AdInvestor is our bespoke, automated advertising platform. This is an easy to use platform that helps businesses identify where to invest ad spend, monitor budgets and provides real-time performance metrics and competitor analysis. Starting at £100 per month, it’s ideal for smaller businesses. Push also have the license to sell Google Local Service Ads, which basically connect clients with their customers by advertising their services at the top of Google search. This is fantastic for service industries like plumbers, pest control and so on.
As Push evolves in terms of our offerings and the channels, we can be bold, brave and confident at servicing more complex clients.
How do you hope to see Push develop over the next 12 months?
Push already do lots from an industry perspective but there are still plenty of growth opportunities. We’ve built a service for Amazon advertising last year, and that’s doing really well. Now, we’re looking at other areas, for example developing and widening our skillsets with more organic channels, organic social, organic search and organic content. It would also be good to have a more 360-view in terms of data, building out more specific capabilities around data research and insight.
There is also scope to grow our presence in international markets. We currently service a lot of clients in various parts of the world but there’s an untapped opportunity to further expand. We have new offices in MENA and Greece that we’ll continue to grow, and there’s potential in Scandinavia, North America and Central Europe. It’s about ensuring we’re not spreading our efforts too thin and we’re focusing on the right things to ensure that growth is accelerated.
Having a business presence online is more important than ever because of the lockdown restrictions. How can Push help businesses capitalise on these opportunities?
We see pockets of businesses we work with doing fantastically well as a result of the pandemic, these are primarily eCommerce businesses, while service-based businesses are struggling significantly. The growth areas are around businesses that traditionally had a go-to-market strategy, in that they would sell their products via retailers rather than directly to the consumer. These businesses can now sell directly online to a captive market who are thinking more about what they’re buying. With our ethos of speed, flexibility and a nimble approach, we can help those businesses get online quickly with an eCommerce-enabled site and capture that captive audience.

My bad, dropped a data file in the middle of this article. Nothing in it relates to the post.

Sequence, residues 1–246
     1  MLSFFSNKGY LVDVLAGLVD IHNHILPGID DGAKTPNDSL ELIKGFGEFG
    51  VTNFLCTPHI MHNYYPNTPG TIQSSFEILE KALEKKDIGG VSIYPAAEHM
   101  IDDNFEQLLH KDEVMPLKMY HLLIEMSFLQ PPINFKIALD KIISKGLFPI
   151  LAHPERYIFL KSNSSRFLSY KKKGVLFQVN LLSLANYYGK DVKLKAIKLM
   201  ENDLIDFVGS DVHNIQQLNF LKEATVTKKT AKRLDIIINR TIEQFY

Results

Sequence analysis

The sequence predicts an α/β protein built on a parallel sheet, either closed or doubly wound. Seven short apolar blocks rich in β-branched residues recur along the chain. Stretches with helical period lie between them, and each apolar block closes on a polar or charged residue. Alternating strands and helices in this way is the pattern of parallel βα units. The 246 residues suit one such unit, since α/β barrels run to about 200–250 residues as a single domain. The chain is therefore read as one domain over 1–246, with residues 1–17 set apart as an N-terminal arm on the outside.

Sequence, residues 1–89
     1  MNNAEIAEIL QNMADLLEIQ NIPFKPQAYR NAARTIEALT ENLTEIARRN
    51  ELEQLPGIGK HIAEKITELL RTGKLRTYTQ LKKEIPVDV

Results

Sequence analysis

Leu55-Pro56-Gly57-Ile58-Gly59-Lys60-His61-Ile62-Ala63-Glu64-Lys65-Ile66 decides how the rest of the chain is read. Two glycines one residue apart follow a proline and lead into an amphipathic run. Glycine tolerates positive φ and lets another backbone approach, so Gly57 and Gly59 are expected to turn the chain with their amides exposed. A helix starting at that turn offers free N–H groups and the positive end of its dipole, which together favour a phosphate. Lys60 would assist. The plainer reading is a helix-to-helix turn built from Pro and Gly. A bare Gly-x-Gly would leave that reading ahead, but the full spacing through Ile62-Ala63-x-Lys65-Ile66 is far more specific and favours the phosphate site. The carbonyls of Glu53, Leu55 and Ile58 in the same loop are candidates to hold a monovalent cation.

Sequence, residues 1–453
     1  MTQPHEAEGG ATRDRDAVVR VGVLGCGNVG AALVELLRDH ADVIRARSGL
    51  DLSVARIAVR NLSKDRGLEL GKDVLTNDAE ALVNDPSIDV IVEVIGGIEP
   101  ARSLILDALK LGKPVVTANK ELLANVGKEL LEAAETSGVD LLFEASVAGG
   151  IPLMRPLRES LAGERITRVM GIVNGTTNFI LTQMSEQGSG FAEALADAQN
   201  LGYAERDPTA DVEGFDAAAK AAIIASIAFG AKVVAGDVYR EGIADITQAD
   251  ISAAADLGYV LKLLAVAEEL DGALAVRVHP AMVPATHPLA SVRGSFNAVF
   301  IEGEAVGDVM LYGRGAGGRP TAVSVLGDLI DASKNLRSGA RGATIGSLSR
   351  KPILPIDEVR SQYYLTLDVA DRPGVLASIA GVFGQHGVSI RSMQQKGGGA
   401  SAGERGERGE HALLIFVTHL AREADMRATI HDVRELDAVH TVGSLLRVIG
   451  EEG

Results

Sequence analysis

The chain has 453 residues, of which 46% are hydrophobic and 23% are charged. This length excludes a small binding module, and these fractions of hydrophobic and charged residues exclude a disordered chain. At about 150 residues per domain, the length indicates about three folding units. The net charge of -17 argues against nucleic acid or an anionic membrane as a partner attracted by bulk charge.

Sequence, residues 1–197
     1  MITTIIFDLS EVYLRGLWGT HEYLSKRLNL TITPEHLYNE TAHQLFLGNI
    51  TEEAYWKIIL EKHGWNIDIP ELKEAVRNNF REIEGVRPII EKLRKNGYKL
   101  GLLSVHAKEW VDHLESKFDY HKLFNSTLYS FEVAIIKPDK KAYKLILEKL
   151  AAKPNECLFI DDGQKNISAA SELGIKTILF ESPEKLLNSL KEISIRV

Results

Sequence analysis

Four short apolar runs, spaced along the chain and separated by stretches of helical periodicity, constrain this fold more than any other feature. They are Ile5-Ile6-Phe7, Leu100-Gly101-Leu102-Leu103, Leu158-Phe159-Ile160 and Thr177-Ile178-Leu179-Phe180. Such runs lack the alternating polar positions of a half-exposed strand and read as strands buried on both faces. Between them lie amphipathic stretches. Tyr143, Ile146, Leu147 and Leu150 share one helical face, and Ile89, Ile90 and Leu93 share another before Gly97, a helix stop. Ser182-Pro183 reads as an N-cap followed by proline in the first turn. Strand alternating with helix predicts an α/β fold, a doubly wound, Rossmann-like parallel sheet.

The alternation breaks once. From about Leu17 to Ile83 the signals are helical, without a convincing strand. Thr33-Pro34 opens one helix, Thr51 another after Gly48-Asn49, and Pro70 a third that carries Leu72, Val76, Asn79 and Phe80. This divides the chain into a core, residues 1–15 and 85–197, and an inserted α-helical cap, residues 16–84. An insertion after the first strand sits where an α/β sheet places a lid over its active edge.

What’s the top piece of advice you’d give to a business owner looking to increase their revenue online?
The first thing is making sure you have good foundations from a digital perspective. Experience is going to be key. If a user has never encountered your brand and they take a chance on you and have a bad experience – e.g. the user experience or customer service on your website isn’t good, or how you communicate your brand doesn’t match up to the reality of what you’re actually doing – then you’re going to turn people off and push them towards your competitors.
The second thing is to really understand your audience from both a data and an emotive perspective. Think about what makes them tick. What things could you talk to them about and engage with them that would be of interest? Have a conversation with them. Those two things combined will usually garner the best success.
What, in your opinion, will be the new trends in digital marketing in 2021 and beyond?
This year, we’ll see the continued rise of Amazon as a marketplace but also as a search engine. Pre-pandemic, over 45% of searches specific to a product started their journey on Amazon, not Google. Amazon has huge digital and logistical skillsets, so naturally the consumption of media on Amazon is going to increase. There’s huge advertising potential there.
The utilisation of machine-learning and AI is also going to grow. This will breed efficiency but it will mean that companies need to rely on their data more. Making sure that they have really strong processes in place to protect personal data is important, but also looking at how they utilise first-party data across their marketing streams in a way that’s complementary is going to be so important, not only for efficiency but for growth. I think there’s going to be a further tightening of restrictions around data – what can and can’t be sold – and we know things like third-party cookies will come to an end soon. So, first party data and personalisation are going to be really important because some of the data points marketers relied on previously will disappear.